Above all, focus on your health -- not "being thin." And understand that while part of the problem is emotional, it's not all in your head. Chemical food cravings can be as strong as other chemical addictions. The sedative affect we get can literally intoxicate us. By stabilizing my blood sugar and raising my serotonin levels naturally with supplements, I was able to lose some of my chemical addiction to food. If you are in treatment for depression, consult your doctor, but keep in mind that you are not limited to prescription drugs when it comes to raising serotonin.
Even if you continue to binge, pledge to eat only real food. Real chocolate and real butter instead of cheap packaged, hydrogenated stuff is actually a big step up. If you develop a list of unrefined foods you like and binge on them instead of pure refined sugar or super high-carb foods, you will reduce the damage from your binges and dramatically reduce your cravings. Forget fat free food. Upgrade your standard food and beverages painlessly and strategically from dawn to dusk. My book, The Truth About Beauty (LINK www.informedbeauty.com) offers dozens of strategic upgrades for every palate. Become a regular at the health food store. Invest in a quality, advanced, broad spectrum multi nutrient supplement regimen (several of the best are listed in the Resource Guide). This will help address cravings. As you look further into your own health issues, you’ll move beyond the weight motivator and focus on correcting issues like blood sugar, hormonal imbalances, thyroid issues, sleep issues and depression. These can all directly affect our weight.
The emotional work is to know yourself more and more, and determine the origin -- the answer to the whole "chicken or egg" phenomena that makes us become obsessed in the first place. Did you grow up with an inherent sense of shame (a family legacy), does it have it’s origins in a painful incident (often sexual), or did you develop it when you first gained weight and reinforce it by bingeing, which compounds things and often obscures the true source of the shame. Are you a perfectionist. A "please-everyone-but-yourself" type person with deep-seeded resentment? Did one of your parents "mess you up." One of mine did, but it wasn't her fault. She couldn't help it. I know that now. What ever it is, you need to "get there" through journal writing, books, therapy and perhaps directly addressing issues with those who have projected or reinforced your negative patterns and self-talk. Don’t wait for apologies or for anyone else to change your situation, though.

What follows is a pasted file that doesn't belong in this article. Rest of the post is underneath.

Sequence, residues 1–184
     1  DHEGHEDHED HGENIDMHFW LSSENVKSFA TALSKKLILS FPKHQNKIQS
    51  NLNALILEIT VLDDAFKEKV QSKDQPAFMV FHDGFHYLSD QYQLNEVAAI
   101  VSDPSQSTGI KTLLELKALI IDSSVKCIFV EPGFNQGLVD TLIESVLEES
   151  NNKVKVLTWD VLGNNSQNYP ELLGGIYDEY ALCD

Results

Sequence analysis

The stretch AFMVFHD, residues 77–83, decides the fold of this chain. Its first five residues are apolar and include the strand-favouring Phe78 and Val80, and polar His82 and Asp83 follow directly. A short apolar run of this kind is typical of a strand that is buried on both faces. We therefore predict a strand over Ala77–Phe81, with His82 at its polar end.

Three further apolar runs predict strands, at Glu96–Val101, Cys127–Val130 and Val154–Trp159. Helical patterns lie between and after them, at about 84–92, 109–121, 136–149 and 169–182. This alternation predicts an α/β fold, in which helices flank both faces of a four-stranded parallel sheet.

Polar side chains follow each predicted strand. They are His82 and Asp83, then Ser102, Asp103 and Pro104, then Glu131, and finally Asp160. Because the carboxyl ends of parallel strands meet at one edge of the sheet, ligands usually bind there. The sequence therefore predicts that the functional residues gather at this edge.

If you've got kids, it's hard to take enough time for yourself to figure these things out. I suggest finding books that strike a chord of truth with your family/relationship issues and reading them once the kids are asleep. Look to passages that validate your feelings or bring them to the surface. Turn the light out after particularly good passages after you've written it in your diary.
The last issue as I said, is intellectual. It's about getting objectively informed about what you put on and in your body, so you can begin to live with vigilant self- respect. Act as your own advocate -- your own ideal parent. Refuse toxic products, food and even treatment from others. Just say no. Once you begin to treat yourself with respect it’s hard to stop evolving. One self-respecting act tends to lead to another, and eventually your tolerance for putting up self-abuse may ware thin. If you are making painless, strategic upgrades in all areas of your life, you are weakening the hold of your vice and setting the stage for real freedom.